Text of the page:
Yesterday Republican gubernatorial candidate Kristi Noem released her “Family-First Initiative,” in which she promises to be a “family-first” governor and “strengthen the family unit and preserve the values South Dakota has long embraced.”
“Family-First” starts with the Handmaid’s Tale approach to reproductive rights. The first specific policy she mentions is “a full abortion ban.” A Governor Noem would never sign such a ban, because then what would her base have left to vote on? Instead of answering every policy question by shouting We love babies! More babies!, Noem voters would have to crack the books and study regressive taxes, road construction, voting rights, and other practical policy issues that, in contrast to their usual litmus-test bleatings, affect the quality of life of every South Dakotan every day.
Noem gets so excited talking about abortion that she forgets her critique of Marty Jackley’s alleged expansion of government and promises to expand government. She’ll create a whole new position in the Governor’s office, an “Unborn Person Advocate” to “monitor, report, and recommend legislative and policy changes.” (What, you can’t just read Gordon Howie’s blog for that?)
Then comes theocracy, with Noem promising special government protection for the “special, God-given union between one man and one woman.” Noem offers no specific policy on how she will undrop the gavel with which the Supreme Court annulled South Dakota’s unconstitutional prohibition on same-sex marriage (i.e., “attempted to silence those of us who believe in traditional marriage”—hey, Kristi, I missed the part of Obergefell that ordered you not to talk about your perceived moral superiority), but her words are surely soothing to the declining Christian majority.
In other governing for Jesus, Noem promises to “partner with faith-based groups” to “expand proselytiz—” oops! that’s, “expand pro-family education opportunities and bonding experiences in our prisons and jails” for incarcerated parents. Why faith-based groups specifically? Why not all non-profits?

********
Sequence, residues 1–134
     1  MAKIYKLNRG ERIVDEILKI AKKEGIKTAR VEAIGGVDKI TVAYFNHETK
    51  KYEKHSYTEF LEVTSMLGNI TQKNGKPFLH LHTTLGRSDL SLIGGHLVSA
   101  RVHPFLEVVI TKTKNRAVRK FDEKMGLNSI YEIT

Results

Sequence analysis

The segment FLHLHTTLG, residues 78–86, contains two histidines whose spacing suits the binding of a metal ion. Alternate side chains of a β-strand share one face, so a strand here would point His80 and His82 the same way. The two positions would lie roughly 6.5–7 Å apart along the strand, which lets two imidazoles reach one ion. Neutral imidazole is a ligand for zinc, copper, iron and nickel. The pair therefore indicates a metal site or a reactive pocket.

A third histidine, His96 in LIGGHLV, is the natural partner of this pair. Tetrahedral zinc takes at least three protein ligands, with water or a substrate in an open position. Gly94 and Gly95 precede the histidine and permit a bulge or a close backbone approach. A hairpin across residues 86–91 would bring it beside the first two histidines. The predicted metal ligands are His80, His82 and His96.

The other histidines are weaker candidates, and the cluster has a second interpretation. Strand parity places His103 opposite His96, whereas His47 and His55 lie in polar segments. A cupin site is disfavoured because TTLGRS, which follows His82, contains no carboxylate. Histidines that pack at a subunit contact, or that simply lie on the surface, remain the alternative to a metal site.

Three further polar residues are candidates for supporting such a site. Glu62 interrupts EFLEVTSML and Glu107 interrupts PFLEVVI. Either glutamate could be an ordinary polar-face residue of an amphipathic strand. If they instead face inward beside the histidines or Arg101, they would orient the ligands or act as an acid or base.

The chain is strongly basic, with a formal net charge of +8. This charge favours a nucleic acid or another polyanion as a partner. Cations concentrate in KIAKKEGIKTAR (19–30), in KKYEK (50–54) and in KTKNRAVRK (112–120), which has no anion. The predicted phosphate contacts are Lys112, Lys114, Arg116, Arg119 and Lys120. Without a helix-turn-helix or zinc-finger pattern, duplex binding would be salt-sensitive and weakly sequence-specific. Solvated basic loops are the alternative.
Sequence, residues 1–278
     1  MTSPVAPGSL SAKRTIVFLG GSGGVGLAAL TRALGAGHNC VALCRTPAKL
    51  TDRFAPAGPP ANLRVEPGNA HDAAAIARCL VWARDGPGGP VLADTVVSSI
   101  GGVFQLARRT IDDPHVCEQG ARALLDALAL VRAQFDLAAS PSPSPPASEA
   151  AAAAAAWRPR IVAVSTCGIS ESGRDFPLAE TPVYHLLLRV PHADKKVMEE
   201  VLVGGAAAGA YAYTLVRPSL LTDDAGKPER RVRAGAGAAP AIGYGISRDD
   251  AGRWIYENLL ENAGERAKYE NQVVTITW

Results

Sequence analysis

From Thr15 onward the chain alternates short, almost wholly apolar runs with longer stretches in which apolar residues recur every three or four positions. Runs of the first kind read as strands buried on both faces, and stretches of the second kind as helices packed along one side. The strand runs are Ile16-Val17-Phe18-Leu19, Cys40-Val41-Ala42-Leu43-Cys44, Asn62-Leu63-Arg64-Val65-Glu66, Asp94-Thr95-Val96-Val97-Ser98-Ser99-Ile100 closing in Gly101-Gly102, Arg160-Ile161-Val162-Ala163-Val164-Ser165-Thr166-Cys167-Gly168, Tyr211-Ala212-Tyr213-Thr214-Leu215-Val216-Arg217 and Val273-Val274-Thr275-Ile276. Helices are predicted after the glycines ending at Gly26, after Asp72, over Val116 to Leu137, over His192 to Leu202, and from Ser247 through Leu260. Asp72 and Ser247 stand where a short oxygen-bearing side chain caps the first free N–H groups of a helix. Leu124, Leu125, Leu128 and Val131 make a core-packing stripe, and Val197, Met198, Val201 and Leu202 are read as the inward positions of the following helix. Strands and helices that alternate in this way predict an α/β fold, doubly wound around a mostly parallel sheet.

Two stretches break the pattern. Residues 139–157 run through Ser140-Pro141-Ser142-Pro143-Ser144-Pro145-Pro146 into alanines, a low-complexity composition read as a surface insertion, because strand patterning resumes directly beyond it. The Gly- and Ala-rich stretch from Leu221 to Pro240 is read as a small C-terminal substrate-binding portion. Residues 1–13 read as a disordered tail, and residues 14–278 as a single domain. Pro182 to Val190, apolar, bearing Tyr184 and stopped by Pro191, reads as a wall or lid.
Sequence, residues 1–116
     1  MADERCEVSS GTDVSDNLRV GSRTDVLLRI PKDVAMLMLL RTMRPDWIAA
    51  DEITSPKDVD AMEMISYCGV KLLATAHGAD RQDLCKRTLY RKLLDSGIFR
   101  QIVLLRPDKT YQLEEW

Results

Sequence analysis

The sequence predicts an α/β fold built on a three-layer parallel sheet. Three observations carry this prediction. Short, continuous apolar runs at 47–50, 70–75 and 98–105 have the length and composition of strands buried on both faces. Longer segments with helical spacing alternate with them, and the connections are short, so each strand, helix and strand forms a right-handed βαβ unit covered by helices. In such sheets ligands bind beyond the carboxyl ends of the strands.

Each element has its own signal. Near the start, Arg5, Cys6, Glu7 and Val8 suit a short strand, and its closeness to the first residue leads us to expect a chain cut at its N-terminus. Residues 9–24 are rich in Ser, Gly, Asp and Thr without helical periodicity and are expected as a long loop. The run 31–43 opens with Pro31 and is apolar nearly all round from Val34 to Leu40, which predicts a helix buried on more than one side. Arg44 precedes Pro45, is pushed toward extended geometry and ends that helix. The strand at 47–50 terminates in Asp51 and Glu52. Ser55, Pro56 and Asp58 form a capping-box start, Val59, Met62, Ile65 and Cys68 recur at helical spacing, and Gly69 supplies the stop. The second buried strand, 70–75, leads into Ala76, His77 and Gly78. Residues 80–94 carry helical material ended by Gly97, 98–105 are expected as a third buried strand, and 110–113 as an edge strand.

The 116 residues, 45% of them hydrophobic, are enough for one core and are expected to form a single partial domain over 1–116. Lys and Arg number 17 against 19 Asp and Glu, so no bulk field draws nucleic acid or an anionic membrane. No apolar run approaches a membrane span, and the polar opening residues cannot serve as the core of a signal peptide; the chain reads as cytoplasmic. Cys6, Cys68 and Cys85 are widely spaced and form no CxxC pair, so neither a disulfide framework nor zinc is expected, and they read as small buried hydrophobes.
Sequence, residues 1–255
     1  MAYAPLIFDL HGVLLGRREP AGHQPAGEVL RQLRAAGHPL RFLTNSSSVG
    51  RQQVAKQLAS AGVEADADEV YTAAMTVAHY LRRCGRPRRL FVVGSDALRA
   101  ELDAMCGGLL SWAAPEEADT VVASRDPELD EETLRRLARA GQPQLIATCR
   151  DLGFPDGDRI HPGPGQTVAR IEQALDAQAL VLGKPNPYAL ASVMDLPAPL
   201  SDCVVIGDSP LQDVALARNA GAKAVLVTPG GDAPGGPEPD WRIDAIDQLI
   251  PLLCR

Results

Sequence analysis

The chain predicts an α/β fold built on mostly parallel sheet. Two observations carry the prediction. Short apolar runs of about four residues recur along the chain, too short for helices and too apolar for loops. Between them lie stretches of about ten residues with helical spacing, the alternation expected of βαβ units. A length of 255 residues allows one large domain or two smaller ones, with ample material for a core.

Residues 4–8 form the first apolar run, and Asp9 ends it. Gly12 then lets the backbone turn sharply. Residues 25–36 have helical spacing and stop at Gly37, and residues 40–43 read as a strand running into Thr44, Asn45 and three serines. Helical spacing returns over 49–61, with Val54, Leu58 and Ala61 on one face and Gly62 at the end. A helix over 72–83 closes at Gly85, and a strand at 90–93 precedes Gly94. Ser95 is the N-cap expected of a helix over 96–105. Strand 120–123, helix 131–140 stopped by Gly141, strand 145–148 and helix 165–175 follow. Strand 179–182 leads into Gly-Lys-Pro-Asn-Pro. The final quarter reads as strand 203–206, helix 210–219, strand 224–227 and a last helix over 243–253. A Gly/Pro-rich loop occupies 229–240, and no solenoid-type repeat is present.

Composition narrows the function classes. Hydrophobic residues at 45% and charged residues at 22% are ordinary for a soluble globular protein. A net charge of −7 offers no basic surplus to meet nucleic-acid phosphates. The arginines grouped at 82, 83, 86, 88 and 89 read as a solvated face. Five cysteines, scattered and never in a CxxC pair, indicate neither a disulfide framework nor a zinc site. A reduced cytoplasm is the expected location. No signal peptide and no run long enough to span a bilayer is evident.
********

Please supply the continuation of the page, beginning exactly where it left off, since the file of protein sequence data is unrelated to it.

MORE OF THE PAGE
Noem does get practical, talking about working with our universities and tech schools to “offer options for more flexible course loads” (um, don’t we already have that?). She offers to expand (there’s that liberal word again) residential and family-based drug treatment options and family education programs.
But as so often happens with our Republican candidates, much of the “initiative” is fluff about continuing the status quo and keeping government from doing things that parents ought to be doing. Kristi, as a frequent manager of classrooms, let me remind you that most public officials and employees really have no desire to usurp the role of parents; in K-12 education, at least, we’re filling gaps left by parents scrambling to piece together multiple paychecks to make rent. The only nods toward improving the wages and financial situation of South Dakota families are the flexible course hours suggestion, a wave of the magic conservative wand at the idea that cutting licensing and regulation of daycares will make child care cheaper (yes, because why bother regulating daycares?), and a promise to get tough on what she says are “far too many cases of noncustodial parents avoiding child support measures” (uh oh, risking the angry dad vote!)
Ban abortion, deride alternative family structures, and deregulate daycare—such is the meaning of “family” for Republicans like Kristi Noem. Somehow, I don’t think Noem’s Family-First Initiative is really putting my family first.